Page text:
However, for that automated flight insurance policy to work, it would need a trustworthy source of real-time flight data—an “oracle,” in industry parlance. Otherwise, what’s to stop hackers from feeding it fraudulent flight delays and claiming payouts? The lack of reliable oracle technology has limited the use of smart contracts thus far.
Now that technology is improving. A startup called Chainlink recently teamed with academic researchers at Cornell to create what it calls the first “provably secure, decentralized oracle network.” Its oracles use cryptography and a type of secure hardware called a trusted enclave to securely feed data to smart contracts on the blockchain.
One practical use of smart contracts that might appear in 2019 is in legal technology. Chainlink has partnered with a project called OpenLaw, which is developing simple smart-contract-based legal agreements (for example, an agreement between a worker and a company). And OpenLaw has partnered with Rocket Lawyer, a popular online service that lets users create their own legal documents.
The idea behind the collaboration, according to Rocket Lawyer’s CEO, Charley Moore, is to use smart contracts to track the rights and obligations in legal agreements (like a freelance contract) on the blockchain and, once the contract’s conditions have been met, automate payments using cryptocurrency. Moore says the plan is to launch sometime in 2019 and that the system should be easy to use, even for people who aren’t familiar with cryptocurrency.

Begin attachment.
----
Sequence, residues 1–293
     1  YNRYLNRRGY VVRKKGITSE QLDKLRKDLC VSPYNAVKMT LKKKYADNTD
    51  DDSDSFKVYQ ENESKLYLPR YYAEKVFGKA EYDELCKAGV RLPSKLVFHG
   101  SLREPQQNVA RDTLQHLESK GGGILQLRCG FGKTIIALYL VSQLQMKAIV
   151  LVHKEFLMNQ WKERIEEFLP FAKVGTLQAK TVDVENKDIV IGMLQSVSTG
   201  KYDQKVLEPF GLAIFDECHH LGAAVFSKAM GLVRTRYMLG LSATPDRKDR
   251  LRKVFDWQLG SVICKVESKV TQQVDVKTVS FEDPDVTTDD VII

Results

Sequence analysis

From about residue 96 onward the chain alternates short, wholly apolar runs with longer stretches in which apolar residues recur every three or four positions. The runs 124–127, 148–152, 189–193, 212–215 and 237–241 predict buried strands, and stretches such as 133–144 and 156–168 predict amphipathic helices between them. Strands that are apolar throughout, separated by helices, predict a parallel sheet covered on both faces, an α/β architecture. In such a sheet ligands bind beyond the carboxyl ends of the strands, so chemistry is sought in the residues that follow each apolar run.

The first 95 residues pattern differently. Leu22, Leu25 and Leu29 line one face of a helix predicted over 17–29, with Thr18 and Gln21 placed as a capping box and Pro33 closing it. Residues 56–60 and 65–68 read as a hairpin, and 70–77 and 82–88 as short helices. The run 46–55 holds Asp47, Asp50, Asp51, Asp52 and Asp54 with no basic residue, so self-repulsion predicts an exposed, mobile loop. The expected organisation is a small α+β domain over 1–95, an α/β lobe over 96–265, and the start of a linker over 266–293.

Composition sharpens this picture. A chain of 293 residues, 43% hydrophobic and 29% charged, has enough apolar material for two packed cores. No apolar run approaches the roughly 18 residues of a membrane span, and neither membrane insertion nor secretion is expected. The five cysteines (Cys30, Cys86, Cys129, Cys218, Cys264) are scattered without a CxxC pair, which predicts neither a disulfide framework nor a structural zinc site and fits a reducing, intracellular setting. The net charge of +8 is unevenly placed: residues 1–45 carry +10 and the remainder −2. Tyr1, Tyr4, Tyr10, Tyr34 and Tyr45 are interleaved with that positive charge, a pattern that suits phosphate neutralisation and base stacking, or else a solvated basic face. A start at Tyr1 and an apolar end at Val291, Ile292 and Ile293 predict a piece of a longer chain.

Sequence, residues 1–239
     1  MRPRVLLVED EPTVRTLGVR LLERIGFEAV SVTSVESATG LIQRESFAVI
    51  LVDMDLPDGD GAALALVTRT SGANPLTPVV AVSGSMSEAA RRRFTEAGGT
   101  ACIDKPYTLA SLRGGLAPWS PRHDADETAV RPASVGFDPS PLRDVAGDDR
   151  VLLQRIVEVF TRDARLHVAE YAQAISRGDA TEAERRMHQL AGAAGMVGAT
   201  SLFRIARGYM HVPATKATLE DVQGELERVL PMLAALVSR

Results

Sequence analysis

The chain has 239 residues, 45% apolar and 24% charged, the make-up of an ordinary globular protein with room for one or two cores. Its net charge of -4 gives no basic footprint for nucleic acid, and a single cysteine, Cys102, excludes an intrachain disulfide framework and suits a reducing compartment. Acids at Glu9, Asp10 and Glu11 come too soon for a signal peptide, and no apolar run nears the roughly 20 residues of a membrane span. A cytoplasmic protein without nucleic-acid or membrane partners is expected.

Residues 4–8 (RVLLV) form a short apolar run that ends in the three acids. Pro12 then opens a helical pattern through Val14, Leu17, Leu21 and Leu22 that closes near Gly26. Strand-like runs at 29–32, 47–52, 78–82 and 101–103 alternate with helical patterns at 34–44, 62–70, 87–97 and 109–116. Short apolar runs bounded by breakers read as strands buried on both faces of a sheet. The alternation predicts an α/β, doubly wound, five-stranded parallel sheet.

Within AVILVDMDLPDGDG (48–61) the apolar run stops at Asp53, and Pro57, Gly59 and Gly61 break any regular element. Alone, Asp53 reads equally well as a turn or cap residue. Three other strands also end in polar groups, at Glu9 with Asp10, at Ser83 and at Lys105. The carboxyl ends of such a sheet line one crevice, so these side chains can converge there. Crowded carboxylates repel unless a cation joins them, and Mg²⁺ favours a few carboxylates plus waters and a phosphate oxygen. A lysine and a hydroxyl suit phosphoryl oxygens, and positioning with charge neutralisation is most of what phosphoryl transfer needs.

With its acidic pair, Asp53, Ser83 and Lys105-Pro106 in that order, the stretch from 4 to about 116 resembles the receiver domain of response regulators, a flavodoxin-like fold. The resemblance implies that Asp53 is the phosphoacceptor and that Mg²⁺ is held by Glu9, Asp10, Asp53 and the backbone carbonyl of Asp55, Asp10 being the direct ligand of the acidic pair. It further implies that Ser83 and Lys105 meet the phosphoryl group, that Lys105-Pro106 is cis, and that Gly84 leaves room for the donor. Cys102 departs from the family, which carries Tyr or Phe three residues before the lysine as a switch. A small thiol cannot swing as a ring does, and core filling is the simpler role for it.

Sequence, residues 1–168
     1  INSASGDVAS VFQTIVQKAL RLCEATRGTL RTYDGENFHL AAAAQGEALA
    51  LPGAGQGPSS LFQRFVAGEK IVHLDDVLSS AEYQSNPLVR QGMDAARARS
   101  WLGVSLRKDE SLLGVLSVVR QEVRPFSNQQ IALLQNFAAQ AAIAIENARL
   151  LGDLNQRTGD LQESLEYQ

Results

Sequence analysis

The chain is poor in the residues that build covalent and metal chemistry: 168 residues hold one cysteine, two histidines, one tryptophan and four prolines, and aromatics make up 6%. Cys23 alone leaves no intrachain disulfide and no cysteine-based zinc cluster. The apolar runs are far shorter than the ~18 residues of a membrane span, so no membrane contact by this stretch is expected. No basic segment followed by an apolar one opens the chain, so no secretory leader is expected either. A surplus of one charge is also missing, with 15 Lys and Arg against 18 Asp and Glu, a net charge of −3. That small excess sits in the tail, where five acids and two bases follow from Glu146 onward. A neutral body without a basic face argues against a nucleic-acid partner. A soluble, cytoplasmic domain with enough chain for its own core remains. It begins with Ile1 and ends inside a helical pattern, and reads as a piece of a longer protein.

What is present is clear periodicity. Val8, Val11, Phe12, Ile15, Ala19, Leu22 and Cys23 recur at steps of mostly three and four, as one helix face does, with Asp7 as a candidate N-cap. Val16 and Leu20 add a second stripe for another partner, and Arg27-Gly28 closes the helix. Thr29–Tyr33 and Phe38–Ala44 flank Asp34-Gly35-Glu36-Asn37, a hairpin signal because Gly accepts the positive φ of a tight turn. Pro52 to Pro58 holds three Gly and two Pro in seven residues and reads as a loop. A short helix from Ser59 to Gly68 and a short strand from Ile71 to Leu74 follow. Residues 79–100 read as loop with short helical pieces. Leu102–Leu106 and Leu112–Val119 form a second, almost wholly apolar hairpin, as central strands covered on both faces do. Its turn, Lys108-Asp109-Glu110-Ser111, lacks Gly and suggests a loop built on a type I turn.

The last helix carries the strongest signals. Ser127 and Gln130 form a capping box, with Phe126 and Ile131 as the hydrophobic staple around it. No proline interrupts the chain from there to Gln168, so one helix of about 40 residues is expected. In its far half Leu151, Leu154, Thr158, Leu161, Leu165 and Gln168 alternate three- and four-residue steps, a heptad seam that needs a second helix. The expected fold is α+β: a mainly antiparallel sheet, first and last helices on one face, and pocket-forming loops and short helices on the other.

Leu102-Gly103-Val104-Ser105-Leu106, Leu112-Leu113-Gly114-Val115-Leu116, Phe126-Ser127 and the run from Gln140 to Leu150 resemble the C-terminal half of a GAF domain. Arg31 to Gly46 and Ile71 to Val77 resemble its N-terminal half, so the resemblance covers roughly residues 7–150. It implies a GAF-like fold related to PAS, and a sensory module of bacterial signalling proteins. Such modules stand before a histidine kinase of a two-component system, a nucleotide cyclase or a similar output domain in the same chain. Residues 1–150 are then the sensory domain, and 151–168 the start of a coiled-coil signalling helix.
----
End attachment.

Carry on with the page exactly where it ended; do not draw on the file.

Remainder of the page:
Rocket Lawyer isn’t alone. A startup called Monax recently launched a private beta phase for a similar-sounding platform for blockchain-based legal agreements that runs on a new smart-contract platform called the Agreements Network. And a startup called Clause says it is working with LegalZoom to create smart contract-based legal services.
State-backed digital currencies
Though Venezuela’s oil-backed national cryptocurrency, the petro, appears to have been either a scam or a flop, at least 15 countries’ central banks are taking a serious look at launching national digital currencies. Even if none are issued this year, expect the discussion about them to heat up in 2019 as cash use continues to decline around the world and new payment technologies, including cryptocurrencies, improve.
The International Monetary Fund’s head, Christine Lagarde, examined the case for central-bank-backed digital currencies in a recent speech. State-backed digital money, she argued, could reach more people, and offer better security, privacy, and consumer protection, than private cryptocurrencies or commercial payment technologies.
A digital form of banknotes guaranteed by governments? In many ways, it’s the opposite of the revolution the original cryptocurrency pioneers envisaged. But revolutions don’t always unfold the way the revolutionaries had in mind.
Orcutt, Mike (2 Jan. 2019.). In 2019, blockchains will start to become boring. MIT Technology Review. Retrieved fromTechnology Review